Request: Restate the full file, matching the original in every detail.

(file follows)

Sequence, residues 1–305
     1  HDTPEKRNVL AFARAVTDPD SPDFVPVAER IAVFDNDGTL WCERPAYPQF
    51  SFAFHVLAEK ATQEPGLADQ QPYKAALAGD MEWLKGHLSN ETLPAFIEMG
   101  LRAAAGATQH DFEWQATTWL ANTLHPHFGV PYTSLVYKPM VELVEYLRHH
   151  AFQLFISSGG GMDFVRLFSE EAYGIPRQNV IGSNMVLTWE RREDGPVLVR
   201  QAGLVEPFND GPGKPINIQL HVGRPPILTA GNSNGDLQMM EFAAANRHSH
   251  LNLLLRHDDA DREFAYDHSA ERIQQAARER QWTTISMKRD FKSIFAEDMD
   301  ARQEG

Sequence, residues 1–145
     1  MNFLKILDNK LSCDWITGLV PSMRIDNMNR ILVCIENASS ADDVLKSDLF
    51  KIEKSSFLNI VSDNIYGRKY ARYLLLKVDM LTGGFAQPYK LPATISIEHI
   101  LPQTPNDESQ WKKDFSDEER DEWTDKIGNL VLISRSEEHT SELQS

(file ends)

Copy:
Sequence, residues 1–305
     1  HDTPEKRNVL AFARAVTDPD SPDFVPVAER IAVFDNDGTL WCERPAYPQF
    51  SFAFHVLAEK ATQEPGLADQ QPYKAALAGD MEWLKGHLSN ETLPAFIEMG
   101  LRAAAGATQH DFEWQATTWL ANTLHPHFGV PYTSLVYKPM VELVEYLRHH
   151  AFQLFISSGG GMDFVRLFSE EAYGIPRQNV IGSNMVLTWE RREDGPVLVR
   201  QAGLVEPFND GPGKPINIQL HVGRPPILTA GNSNGDLQMM EFAAANRHSH
   251  LNLLLRHDDA DREFAYDHSA ERIQQAARER QWTTISMKRD FKSIFAEDMD
   301  ARQEG

Sequence, residues 1–145
     1  MNFLKILDNK LSCDWITGLV PSMRIDNMNR ILVCIENASS ADDVLKSDLF
    51  KIEKSSFLNI VSDNIYGRKY ARYLLLKVDM LTGGFAQPYK LPATISIEHI
   101  LPQTPNDESQ WKKDFSDEER DEWTDKIGNL VLISRSEEHT SELQS